How much do you know about the wool industry and British wool? We bring you 10 amazing facts so you can find out more about this unique fibre.
This week sees the official start of Wool Month (3rd-30th October), a campaign by British Wool to amplify the wool message to consumers and help drive new demand for wool from British sheep. Previously known as Wool Week, the event has gained such acclaim from businesses and consumers alike that it now runs for the whole month of October.
Dispelling the Myth That British Wool is Only Suitable for Carpets
Bridgette Kelly from British Wool is keen to dispel the myth that the fleece from our homegrown sheep breeds is unsuitable for anything other than carpets. In fact, it’s all a bit more complicated than that, as she explains…
“British wool is usually what we call ‘strong’ as it has quite a high micron. The best use of it is often for interior textiles, such as carpets, rugs and upholstery fabrics, but it’s also well-known for being used in tweed.
It depends on which breed the wool comes from and where that breed is located. The Northern and Scottish breeds, which produce the coarser yarn, are used for tweed and interior textiles, whereas the lowland breeds in Devon and Dorset produce a much softer wool and this is often used by hand spinners to produce yarn for clothing.
The finest wool produced in the UK is from Blue Faced Leicester.
Weather and the geographical location of the flock also influence the quality of the wool in terms of its micron. For instance, if you are a Welsh mountain sheep, your fleece is going to be strong and robust as it has responded to the harsh weather, whereas sheep in the lowlands don’t need quite such strong fleece, so it is softer and finer and used for blankets and fabrics. “
10 Facts About British Wool
- Britain is one of the largest wool producers in the world, yielding nearly 70,000 tonnes per year.
- Payments to farmers have jumped to an overall average of 36.4p per kilo for their wool. That’s a 135% increase on 2020 prices, with a further price improvement to come in 2022.
- There is only one farmer in the UK (Lesley Prior) that produces Merino wool (a type of very fine fibre used for clothing).
- There are 45,000 sheep farmers in the UK. Employment in the sheep industry is worth approximately £290 million to the economy.
- 34 million sheep reside in the British Isles.
- Britain has more than 60 different breeds of sheep, 25 of which are rare breeds. That’s more than any other country in the world.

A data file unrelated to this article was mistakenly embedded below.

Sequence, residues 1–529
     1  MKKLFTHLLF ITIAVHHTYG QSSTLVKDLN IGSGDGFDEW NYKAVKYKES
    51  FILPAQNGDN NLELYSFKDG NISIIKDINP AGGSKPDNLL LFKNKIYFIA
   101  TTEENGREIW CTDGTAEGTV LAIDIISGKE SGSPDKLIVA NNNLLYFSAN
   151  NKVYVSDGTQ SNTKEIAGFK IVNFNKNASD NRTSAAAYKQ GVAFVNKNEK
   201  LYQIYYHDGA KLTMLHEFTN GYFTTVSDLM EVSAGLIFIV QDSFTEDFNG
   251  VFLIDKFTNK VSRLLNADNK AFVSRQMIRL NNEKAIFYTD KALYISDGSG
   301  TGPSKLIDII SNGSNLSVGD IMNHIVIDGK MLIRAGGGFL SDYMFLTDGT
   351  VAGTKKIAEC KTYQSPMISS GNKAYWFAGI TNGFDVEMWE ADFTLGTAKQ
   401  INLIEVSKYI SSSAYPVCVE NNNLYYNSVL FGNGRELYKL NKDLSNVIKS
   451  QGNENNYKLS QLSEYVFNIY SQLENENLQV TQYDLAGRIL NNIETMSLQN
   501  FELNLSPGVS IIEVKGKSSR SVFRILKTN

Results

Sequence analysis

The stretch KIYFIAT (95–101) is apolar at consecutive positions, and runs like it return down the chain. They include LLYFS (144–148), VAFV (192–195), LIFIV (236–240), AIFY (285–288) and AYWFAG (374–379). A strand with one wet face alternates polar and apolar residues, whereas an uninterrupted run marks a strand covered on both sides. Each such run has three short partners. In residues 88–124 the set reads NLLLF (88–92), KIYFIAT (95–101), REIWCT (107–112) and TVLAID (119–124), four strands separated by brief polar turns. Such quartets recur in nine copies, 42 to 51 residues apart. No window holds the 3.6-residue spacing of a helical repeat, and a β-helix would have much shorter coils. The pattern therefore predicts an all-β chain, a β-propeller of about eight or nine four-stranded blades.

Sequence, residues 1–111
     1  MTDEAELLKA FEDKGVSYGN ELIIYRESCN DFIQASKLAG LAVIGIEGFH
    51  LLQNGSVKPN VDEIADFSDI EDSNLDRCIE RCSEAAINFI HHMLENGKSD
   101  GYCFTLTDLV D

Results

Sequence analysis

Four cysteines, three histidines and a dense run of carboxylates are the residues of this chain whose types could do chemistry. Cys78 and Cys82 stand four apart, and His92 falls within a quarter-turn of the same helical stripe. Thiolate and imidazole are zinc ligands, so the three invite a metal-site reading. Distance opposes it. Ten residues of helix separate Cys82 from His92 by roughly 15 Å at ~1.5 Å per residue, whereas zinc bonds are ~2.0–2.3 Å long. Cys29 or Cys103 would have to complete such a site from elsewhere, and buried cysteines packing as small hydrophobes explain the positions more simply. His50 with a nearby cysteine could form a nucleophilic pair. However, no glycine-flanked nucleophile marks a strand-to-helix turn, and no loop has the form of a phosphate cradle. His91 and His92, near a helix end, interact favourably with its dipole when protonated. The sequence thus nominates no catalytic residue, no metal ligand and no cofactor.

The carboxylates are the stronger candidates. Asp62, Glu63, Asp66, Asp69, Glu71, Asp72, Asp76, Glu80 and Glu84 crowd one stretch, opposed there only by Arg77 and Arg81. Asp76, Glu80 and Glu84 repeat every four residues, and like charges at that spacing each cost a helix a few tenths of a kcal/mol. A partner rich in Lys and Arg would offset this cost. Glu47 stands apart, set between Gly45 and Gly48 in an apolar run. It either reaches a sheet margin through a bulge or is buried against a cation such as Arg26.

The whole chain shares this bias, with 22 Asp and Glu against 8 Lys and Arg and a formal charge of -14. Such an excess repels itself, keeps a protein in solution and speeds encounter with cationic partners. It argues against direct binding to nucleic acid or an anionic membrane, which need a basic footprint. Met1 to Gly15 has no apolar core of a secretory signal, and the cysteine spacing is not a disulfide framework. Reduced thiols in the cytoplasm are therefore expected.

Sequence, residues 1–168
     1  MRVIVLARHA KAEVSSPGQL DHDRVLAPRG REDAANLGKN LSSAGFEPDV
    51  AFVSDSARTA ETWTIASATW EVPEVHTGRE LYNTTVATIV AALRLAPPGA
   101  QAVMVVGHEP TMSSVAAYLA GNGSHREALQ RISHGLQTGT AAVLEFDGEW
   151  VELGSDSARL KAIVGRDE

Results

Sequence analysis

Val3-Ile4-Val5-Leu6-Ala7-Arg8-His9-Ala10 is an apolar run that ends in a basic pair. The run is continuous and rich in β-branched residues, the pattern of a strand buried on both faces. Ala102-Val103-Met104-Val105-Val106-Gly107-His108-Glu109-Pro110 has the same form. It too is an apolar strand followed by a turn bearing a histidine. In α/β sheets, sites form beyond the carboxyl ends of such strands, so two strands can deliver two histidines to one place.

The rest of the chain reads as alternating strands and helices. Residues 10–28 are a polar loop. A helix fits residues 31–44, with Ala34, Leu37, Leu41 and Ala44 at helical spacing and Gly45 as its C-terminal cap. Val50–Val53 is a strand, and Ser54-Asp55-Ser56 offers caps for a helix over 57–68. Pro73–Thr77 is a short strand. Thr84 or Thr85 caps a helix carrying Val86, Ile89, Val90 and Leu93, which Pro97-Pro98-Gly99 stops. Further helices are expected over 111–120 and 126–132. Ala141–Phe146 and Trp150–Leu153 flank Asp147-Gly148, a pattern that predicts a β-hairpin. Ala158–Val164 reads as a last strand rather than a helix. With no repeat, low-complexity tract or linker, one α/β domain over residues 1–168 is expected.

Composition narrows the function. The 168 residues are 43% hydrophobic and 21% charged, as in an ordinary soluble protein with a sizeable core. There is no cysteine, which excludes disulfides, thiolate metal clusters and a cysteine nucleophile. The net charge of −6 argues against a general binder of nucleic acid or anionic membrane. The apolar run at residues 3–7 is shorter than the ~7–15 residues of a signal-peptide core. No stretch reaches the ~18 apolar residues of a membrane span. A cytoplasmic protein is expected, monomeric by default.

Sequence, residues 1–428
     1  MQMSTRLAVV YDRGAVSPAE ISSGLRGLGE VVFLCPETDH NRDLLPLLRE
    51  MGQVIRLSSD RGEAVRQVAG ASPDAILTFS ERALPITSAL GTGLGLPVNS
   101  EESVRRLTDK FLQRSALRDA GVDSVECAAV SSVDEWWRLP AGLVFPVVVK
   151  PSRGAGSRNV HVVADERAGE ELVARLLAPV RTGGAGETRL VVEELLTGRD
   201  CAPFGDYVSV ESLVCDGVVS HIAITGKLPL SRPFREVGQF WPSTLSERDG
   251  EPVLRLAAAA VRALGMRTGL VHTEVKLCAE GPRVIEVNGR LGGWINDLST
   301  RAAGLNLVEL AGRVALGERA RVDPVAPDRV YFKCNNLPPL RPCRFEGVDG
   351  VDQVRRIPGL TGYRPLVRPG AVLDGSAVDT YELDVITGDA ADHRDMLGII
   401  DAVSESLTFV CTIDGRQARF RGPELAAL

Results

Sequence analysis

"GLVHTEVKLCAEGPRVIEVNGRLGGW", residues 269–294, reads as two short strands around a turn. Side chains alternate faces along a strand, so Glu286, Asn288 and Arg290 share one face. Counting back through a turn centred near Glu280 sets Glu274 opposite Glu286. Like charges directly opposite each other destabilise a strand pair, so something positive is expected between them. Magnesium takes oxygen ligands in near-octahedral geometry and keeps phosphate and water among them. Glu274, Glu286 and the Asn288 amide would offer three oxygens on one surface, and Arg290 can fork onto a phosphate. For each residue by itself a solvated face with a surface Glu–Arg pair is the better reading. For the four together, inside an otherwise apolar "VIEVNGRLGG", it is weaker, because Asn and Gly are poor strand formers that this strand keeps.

- There are only two wool scourers left in the UK.
- There are many shows that celebrate wool including Yorkshire Yarn Fest in York, Woolfest in Cumbria and West Wales Wool Show just to name a few.
- It takes at least ten processes to get wool from sheep to cloth. They are shearing, grading, auction, scouring, carding, combing, spinning, weaving, dyeing and finishing.
- Companies such as Romney Marsh Wool and Izzy Lane commit to using British wool from flock to finished product ensuring a truly 100% British product.
Who Buys British Wool?
So, how much British wool stays in the UK, and what percentage is exported? It appears that this is not an easy formula to calculate, as Bridgette explains:
“There is not a simple answer to this question because of how wool is sold in the UK.
The wools from a region will be collected from farmers and will go for grading. It is graded first by hand and eye and then put into a ‘type’. It is the types that are sold at auction – there are about 130 types of wool. The merchants that buy the wool fortnightly at auctions in Bradford will buy a ‘type’. Although the bidding is now done by a computerised system, they still have to physically go to the auction and bid.
The merchants trade the wool all over the world. Between fifty and sixty percent goes to China, a market that has grown considerably over the last four or five years. The rest is bought by other countries, including the UK.
Because of many processes involved in getting wool from fleece to finished product, such as scouring (cleaning), spinning and weaving, very little British wool stays in the UK for the entire supply chain. It may be scoured and spun in China but then return back to the UK for weaving. At that point it is difficult to know what percentage of the wool included within the product has come from a British flock.
British wool is not a fast fibre, it is a slow production”